NYC study: More civilians use video in police complaints

New York City's independent police review board says civilians are increasingly using video evidence in complaints against New York Police Department officers.

The Wall Street Journal reports that 794 of the 4,426 complaints closed by the Civilian Complaint Review Board in 2016 included some form of video evidence. In 2012, there were just 43 closed complaints with video evidence out of 4,268.

The review board says recordings help increase transparency when examining cases of alleged police misconduct.

FILE PHOTO - A police body camera is seen on an officer during a news conference on the pilot program of body cameras involving 60 NYPD officers dubbed 'Big Brother' at the NYPD police academy in the Queens borough of New York, December 3, 2014.  REUTERS/Shannon Stapleton/File Photo - RTX2Z30U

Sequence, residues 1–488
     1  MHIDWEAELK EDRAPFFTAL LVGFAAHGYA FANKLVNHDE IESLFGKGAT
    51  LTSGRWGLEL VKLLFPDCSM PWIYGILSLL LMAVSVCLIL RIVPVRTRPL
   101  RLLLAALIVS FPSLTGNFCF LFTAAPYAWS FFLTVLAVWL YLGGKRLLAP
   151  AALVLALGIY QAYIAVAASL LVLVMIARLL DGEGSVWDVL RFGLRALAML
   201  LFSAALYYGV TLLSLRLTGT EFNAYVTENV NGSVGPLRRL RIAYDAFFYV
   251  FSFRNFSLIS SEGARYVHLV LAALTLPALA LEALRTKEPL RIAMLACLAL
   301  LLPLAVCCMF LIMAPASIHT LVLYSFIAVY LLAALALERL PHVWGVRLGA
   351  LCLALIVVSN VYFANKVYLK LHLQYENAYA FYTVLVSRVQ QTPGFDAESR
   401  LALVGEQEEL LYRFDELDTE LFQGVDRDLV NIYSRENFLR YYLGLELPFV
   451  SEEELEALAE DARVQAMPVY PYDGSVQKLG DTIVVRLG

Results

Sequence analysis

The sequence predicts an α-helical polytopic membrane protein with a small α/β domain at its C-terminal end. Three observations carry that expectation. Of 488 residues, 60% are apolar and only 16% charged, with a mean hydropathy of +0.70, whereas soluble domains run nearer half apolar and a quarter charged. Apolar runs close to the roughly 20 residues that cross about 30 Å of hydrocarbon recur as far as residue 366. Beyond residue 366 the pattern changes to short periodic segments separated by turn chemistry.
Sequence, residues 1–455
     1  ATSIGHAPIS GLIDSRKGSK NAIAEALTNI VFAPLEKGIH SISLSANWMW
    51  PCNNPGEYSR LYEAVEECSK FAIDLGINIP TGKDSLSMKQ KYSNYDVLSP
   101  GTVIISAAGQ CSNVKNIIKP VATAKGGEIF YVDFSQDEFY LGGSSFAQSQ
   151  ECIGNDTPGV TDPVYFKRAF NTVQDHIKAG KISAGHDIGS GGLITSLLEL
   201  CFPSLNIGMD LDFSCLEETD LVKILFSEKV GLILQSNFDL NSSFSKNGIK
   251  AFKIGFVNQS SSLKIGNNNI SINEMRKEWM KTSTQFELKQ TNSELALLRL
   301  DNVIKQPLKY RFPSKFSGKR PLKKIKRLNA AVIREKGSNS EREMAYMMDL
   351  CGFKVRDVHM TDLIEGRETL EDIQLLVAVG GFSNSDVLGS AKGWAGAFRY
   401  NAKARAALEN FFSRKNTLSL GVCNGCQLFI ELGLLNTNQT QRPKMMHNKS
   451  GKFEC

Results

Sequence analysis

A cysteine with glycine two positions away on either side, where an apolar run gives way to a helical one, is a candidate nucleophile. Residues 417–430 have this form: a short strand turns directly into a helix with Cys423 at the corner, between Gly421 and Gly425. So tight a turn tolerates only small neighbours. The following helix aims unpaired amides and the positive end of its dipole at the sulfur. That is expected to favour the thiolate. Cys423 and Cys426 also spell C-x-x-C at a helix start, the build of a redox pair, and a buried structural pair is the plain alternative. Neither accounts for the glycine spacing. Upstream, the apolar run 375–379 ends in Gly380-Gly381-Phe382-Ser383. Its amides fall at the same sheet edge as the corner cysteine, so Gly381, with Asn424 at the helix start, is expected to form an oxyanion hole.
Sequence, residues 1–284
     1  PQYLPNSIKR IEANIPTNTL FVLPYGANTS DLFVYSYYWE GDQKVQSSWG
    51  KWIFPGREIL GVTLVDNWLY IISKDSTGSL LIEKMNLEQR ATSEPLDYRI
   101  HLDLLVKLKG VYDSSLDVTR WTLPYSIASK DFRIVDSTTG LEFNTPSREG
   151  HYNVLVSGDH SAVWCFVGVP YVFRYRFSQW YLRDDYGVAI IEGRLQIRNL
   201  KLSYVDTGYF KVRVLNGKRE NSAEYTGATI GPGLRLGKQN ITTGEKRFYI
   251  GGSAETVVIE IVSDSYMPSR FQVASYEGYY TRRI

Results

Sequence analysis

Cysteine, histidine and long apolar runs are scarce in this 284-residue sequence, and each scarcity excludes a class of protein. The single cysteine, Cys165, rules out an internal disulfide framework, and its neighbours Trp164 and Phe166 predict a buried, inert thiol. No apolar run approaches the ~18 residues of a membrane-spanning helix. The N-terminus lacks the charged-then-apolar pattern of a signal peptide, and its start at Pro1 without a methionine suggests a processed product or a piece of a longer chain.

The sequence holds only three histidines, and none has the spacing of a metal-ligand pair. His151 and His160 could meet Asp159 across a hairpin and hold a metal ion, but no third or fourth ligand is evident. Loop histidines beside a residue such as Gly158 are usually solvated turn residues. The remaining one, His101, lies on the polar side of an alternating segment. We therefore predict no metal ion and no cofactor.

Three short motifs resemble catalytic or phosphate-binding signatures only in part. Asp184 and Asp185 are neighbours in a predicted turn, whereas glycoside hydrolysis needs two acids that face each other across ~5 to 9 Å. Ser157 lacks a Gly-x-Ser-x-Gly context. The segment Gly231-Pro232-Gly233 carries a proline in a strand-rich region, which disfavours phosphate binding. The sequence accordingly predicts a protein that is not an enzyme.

FILE PHOTO - A police body camera is seen on an officer during a news conference on the pilot program of body cameras involving 60 NYPD officers dubbed 'Big Brother' at the NYPD police academy in the Queens borough of New York, December 3, 2014. REUTERS/Shannon Stapleton/File Photo - RTX2Z30U

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The First Amendment protects civilian recording. But officers can legally stop people who are endangering themselves or someone else while recording or interfering with police activity.

The board is recommending training for officers on the subject.

The New York Police Department declined to comment on the study.